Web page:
Ladies and Gentlemen, welcome to Pyestock.
For over fifty years, Pyestock was host to the development and testing of gas turbine engines. From the 1950s through to the 1970s, it was the largest facility of its type in Europe (if not the world), and the design, experimentation and testing at Pyestock helped to usher in the jet age. From running up Concorde’s Olympus jet engines in a simulated supersonic conditions through to the endurance checking of every gas turbine installed in the ships of the Royal Navy, Pyestock’s credentials were extremely impressive.
As gas turbine research matured and computer simulations took over, Pyestock was gradually run down and now stands unused. The structures on the site are considered to be of national, if not international, importance. But due to their extremely specialised nature, no alternative uses have been put forward, and the whole site is destined to be demolished and replaced by a supermarket distribution centre.
However, in this transitional period at it waits its fate, Pyestock has become an unofficial museum. The entrance fee is a combination of dexterity, intelligence and courage. Those able to pay are constantly amazed and inspired by what they find; and are saddened that one of the most important research sites in the world is to be swept away and forgotten.
Transport out of London on a very early Sunday morning is not the greatest. As such, my trip to Pyestock started on the Saturday night as I jumped on a train bound for Epsom, a place I’ve only ever visited when making a trip to West Park Asylum.
I spent the night in a hotel there, checking out Simon Evans to kill some time, and rose at 5am the following morning. Shortly afterwards I was being picked up by a few guys and driven to a place I didn’t actually know too much about, but where I had seen a few photos that made me really want to go there.
Entry was straightforward, but within a few minutes of being in the grounds we were being shouted at by someone unseen, but they seemed to be external so not security. Swiftly we found our way into the buildings and hid out for a while, working our way to higher ground.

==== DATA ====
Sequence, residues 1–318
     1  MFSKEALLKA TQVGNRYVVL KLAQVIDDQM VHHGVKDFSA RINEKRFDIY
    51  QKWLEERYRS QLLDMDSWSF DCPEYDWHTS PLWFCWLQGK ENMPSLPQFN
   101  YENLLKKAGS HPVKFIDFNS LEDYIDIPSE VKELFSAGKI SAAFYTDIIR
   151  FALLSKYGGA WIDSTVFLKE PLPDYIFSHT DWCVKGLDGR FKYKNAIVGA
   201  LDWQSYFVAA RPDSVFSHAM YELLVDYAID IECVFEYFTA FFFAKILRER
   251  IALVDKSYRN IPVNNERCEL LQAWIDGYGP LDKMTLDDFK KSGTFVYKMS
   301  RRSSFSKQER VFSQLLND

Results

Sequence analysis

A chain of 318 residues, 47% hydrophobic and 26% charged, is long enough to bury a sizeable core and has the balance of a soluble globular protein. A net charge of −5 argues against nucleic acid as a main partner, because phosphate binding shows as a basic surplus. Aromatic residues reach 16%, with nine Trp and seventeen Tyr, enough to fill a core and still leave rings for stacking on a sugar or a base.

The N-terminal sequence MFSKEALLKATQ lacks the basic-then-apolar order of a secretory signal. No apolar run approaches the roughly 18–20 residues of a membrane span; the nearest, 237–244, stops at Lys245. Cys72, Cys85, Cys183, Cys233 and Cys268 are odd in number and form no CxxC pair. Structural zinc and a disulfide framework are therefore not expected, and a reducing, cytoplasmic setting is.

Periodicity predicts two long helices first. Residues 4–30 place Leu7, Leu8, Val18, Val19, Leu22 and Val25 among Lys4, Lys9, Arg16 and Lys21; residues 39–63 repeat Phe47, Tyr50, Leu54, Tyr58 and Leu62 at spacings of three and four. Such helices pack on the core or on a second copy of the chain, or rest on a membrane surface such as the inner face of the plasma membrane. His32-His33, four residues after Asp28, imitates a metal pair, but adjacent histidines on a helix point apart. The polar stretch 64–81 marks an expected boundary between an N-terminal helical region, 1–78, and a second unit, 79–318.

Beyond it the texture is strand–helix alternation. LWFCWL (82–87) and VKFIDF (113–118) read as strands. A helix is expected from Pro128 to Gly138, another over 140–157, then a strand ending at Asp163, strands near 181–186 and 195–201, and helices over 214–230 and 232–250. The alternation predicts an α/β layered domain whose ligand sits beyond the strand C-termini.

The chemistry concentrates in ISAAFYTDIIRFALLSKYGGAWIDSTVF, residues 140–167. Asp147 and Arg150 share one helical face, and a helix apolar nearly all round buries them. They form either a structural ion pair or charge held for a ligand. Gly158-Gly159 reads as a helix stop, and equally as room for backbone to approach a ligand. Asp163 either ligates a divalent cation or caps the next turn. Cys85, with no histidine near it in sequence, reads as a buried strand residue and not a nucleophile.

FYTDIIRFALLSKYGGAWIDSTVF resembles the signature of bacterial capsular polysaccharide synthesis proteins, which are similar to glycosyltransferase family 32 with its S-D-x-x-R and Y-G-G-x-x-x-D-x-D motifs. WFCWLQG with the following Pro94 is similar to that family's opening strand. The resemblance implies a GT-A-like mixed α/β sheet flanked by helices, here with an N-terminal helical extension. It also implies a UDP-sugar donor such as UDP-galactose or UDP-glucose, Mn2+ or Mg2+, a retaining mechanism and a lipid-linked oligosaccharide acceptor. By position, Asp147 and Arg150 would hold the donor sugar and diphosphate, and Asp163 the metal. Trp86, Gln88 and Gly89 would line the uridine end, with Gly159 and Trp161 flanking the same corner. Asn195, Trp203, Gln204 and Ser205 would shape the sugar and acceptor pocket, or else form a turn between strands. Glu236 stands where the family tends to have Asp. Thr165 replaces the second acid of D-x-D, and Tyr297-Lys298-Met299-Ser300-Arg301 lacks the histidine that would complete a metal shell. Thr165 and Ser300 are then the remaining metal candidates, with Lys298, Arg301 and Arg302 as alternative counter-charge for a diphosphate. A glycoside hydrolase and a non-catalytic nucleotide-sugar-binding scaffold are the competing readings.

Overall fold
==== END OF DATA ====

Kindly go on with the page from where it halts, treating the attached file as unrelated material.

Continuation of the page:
Before long a police car showed up, along with a hound. The roof seemed the safest place as dogs can’t climb ladders very well.
At this point the journey seemed a waste. I had seen nothing and had now found out this was an ex MOD building which seemed to heighten the seriousness of it. Thoughts were turning to going home.
However, we had come to take photos, and by golly that’s what we were going to do and either leave when we were ready or get escorted out.
I’m very pleased that we continued on, as this place was pretty awesome!
The above picture is from ‘Cell 4’ – the size of this room cannot really be shown in this one image as you can’t fully appreciate it. It goes a lot further back than you see here, and a lot further down. The main pipes running through the image are big enough for you to walk through, and here’s a quick shot of me standing on top of one of the pipes in the middle so you can have some sort of scale – I was hoping to stand on the section where all of the pipes meet in the foreground but a slimy green residue left the surface like ice and I wasn’t keen on trying to get past it and breaking a limb with so much else to see around the complex.